But something clicked between us. I had no more walked into the opulent Arabian Show barn where he lived (after only looking at one other prospect), and proclaimed that this was my horse. I don't know what it was, I just knew that this was it. We test rode - he was sweet and easy to work with - and when I got off, he followed me. That was it.
June 14, 1993, you arrived, and that summer consisted of 4 hour-plus days at the barn. Those first weeks, you broke a lead rope and bucked me off, but those were surprisingly small moments peppered into days that were otherwise so mundane they're just blended into all the other memories I have of you. You were always ready for whatever I asked of you - maybe sometimes begrudgingly (like the time I dressed you as a milk cow for fair, rediculously large udders and cowbell) - but you were still willing; you suffered my silly penchant for "party tricks," laying down or giving kisses for treats -I think you always liked the attention. Dad and I spent a good chunk of one summer vacation building a paddock in our backyard, so I could bring you home while off from school; we didn't own a trailer, but we could ride from the boarding stable down roads and through connecting neighborhoods to our house. Adventures were vast and varied: long days and moonlit nights on the trail, running fast, walking slow, grazing, and splashing in the creek nearby.
My strange, out-of-place years started early and lasted what seemed like it's own lifetime - I was a tornadoes' aftermath of acne, piss-poor grades and social awkwardness; I always felt most myself in your company. My closest friends growing up were those who understood this brand of oddball and you were there to experience much of our fun. Somehow you were connected to all the things that nudged my growth, and brought me to the life I live today. I discovered confidence, grace, resilience, the power of exploration; you helped me learn how to be a horseman and a leader; alongside you, I learned the beauty of making mistakes, the importance of responsibility; that practice is important, but having fun is paramount.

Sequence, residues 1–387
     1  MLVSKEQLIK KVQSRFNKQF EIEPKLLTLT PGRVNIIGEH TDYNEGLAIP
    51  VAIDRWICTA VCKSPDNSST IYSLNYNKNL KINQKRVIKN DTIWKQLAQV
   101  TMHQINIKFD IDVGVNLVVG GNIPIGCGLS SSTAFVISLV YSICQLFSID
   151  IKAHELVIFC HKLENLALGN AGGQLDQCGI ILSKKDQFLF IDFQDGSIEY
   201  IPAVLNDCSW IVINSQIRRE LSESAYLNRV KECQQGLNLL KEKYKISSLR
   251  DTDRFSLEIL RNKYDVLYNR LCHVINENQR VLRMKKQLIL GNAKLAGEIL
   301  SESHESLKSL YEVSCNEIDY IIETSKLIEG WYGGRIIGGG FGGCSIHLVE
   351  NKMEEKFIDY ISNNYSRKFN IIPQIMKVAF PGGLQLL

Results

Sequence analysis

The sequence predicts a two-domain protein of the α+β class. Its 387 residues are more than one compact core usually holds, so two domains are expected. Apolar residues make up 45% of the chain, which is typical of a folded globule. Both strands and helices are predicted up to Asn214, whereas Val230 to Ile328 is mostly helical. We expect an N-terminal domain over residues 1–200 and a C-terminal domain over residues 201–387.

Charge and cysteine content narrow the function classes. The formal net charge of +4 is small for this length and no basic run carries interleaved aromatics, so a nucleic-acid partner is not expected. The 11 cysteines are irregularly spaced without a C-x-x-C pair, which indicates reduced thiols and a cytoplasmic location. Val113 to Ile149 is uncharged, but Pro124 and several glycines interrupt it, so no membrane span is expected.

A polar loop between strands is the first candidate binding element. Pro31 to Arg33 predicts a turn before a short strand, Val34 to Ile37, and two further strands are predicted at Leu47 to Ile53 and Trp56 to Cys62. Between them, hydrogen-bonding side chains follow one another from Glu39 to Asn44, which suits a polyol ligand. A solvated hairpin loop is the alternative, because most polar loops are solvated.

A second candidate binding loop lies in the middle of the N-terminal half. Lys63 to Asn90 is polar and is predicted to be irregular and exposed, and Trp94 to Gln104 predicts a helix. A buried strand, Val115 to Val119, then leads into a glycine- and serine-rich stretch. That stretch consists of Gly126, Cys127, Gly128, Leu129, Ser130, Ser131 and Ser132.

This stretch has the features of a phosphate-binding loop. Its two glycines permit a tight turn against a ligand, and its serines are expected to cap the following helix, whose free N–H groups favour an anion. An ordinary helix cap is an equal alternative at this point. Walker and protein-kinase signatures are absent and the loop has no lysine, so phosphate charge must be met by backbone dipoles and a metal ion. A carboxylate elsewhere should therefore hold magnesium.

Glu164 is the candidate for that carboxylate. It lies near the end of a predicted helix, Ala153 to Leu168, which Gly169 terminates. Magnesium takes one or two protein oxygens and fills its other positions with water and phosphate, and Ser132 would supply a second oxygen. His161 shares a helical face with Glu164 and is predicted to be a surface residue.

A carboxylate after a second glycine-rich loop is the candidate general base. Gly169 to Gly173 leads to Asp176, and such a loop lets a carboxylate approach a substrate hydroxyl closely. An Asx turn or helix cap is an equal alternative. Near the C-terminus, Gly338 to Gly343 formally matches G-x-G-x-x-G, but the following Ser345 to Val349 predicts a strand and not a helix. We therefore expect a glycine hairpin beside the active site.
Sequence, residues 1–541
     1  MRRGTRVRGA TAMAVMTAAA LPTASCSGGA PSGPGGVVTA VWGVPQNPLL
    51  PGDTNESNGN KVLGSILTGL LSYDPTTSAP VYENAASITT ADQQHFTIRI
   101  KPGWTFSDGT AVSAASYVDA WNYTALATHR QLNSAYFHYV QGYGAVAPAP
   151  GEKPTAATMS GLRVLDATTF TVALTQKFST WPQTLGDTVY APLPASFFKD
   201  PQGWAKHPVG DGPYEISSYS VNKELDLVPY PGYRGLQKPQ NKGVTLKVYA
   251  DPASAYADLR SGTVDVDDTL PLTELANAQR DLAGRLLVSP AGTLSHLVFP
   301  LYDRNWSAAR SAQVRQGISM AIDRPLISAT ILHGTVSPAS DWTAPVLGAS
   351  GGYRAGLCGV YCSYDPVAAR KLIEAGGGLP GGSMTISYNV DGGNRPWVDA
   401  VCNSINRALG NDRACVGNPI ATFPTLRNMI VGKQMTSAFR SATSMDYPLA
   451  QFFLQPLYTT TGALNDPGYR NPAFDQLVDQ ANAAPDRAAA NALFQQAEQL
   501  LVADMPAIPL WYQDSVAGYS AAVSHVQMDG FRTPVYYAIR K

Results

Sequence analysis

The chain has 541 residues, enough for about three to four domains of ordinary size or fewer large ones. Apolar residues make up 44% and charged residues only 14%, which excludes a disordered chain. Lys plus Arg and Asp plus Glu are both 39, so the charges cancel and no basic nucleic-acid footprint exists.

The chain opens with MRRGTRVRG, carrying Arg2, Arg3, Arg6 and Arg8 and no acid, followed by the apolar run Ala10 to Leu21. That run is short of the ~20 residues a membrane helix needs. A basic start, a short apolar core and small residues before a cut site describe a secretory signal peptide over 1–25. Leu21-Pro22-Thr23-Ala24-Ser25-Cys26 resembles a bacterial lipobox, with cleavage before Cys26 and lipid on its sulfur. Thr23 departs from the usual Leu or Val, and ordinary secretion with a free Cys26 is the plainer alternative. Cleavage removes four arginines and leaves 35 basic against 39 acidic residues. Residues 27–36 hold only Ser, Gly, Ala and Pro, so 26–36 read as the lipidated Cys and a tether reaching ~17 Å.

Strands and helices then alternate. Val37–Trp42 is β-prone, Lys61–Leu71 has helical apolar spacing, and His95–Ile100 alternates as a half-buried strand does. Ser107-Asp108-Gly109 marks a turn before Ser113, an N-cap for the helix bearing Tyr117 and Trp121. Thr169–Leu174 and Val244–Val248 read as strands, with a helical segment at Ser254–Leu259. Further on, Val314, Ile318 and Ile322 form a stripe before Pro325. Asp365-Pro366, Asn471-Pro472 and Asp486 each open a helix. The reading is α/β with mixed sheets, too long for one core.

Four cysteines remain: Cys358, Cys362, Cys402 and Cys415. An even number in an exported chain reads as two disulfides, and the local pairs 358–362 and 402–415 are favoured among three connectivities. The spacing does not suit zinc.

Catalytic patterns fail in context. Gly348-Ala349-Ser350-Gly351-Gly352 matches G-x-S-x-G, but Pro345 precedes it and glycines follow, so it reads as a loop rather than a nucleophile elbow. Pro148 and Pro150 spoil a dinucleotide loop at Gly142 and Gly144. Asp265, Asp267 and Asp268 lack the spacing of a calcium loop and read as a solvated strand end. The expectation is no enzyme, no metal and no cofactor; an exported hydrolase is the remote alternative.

You always gave benefit of the doubt and took care of whoever was on your back - you always had a soft spot for kids - you were the best teacher. And in our later years together, your fan club grew exponentially. You gave confidence to my first students, and you were willing and able mount for my drill mates who were in need. You were the horse everyone rode, and the horse everyone wanted to ride. Every job and every rider you took on you seemed to do with care and enthusiasm. You never put a foot wrong, not for anyone or anything. And for that, you are truly irreplaceable. The definition of heart horse.
When I got the news, I have to admit some amount of relief - it's always been important for me to set my ego (and sorrow) aside in hopes I can help my animals go forth with as little suffering as possible. I didn't have to agonize over how another winter would affect him, and I was given a blessing of time that so many friends don't get. We had a celebration a few days ago - one of my former students (and now a close friend) bathed and braided him, and folks arrived that afternoon from so many corners of my life; we laughed and cried, and we each thanked Beezer for the memories in our own personal way. At first I thought that night was for me - to feel comforted by my tribe and supported for my decision and my impending loss - but in fact that night was truly for them. Each friend who stopped by had a beautiful story to tell about how special this horse was in their life, and for every one of them, I know there are at least 10 others with more love and more beautiful tales to share. Because, as it turned out, Beezer wasn't just my horse - he was our horse. He belonged to every soul he touched in his 31 years, and I was honored to have been able to share that night and those stories with just a few of them.
And so today, as I ask my old friend to lay down one last time and thank him for everything he meant to me, I'm flooded with memories and I'm soaking in every moment the past 27 years has blessed us with: the friends, the lessons, every one of the adventures we shared. Through laughter and tears, every heart that carries your hoofprint on it, including mine, will miss you dearly. Run free, my friend.
May the road rise up to meet you;
May the wind always be at your back;
May the sun shine warm on your face,
And the rain fall soft upon your fields;
And until we meet again,
May God hold you in the palm of his hand.
~~ Old Irish Blessing
A friend hears the song in my heart and sings it to me when my memory fails.
Perhaps love is the process of my leading you gently back to yourself.
~~ Antoine De Saint-Exupery